In return for their deposits, Americans will receive a computer model developed by a renowned Wall Street investment bank that will let them set a value of their choice for all assets they own.

Since the only thing really wrong with the economy is sentiment, the fact that every US citizen will live in a marked-to-model million dollar home by Christmas has raised expectations for the holiday shopping season to new record levels.

In initial talks, Europe is reported to be enthousiastic about the new legislation, though there are worries among French and German politicians that the population in their countries will be harder to convince that lipstick does indeed look good on sheep.

China is expected to be a harder sell. Since the Chinese eat far more pork per capita, there would be an unfair disadvantage for them related to the time spent trying to catch the pigs. Negotiations are ongoing.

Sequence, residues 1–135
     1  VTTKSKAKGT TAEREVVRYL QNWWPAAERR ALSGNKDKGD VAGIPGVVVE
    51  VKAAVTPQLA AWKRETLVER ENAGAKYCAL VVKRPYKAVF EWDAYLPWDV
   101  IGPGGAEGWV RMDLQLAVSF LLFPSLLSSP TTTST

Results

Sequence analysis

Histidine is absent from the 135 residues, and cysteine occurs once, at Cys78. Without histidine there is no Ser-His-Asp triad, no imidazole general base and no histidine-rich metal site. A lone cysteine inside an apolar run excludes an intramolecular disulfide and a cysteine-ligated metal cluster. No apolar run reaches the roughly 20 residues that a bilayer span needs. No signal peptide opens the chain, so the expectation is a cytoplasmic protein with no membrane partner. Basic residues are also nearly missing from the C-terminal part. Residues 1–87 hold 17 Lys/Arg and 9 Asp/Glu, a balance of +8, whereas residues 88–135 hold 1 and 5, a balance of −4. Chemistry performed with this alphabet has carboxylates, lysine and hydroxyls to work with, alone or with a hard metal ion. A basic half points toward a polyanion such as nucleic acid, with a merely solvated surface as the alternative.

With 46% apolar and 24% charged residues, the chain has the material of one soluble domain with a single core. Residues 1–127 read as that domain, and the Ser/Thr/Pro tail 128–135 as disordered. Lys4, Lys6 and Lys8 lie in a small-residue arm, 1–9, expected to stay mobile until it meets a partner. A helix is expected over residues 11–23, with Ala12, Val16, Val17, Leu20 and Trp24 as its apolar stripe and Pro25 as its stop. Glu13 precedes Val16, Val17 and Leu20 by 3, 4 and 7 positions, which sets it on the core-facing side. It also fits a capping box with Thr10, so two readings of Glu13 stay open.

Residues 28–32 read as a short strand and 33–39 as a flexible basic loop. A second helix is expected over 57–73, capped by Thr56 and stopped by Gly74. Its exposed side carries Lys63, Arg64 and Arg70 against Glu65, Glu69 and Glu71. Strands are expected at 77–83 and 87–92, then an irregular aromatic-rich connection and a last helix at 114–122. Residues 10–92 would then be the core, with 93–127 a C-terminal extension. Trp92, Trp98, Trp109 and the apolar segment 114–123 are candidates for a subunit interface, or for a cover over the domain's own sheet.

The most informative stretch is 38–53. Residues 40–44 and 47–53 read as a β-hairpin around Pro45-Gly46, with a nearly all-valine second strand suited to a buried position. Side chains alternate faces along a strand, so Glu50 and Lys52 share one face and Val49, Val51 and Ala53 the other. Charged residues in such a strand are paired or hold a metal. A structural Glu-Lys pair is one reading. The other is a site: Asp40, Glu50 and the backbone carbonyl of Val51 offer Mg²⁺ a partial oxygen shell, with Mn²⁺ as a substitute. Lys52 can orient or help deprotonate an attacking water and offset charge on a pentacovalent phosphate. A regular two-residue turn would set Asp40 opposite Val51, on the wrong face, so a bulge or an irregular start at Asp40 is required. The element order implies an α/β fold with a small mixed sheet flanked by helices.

Regulators Ease Securities-Valuation Rules
The Securities and Exchange Commission and the U.S. accounting-standard setter issued guidance that will allow companies to use more flexibility when valuing securities in a market that has dried up, a move the banking industry hopes will relieve pressure on company balance sheets.

Tuesday, the SEC and Financial Accounting Standards Board issued "clarification" to accounting rules that require companies to value securities at the price for which they can be sold in the market, known as mark-to-market, or fair value, accounting. FASB said it is preparing additional guidance for later this week.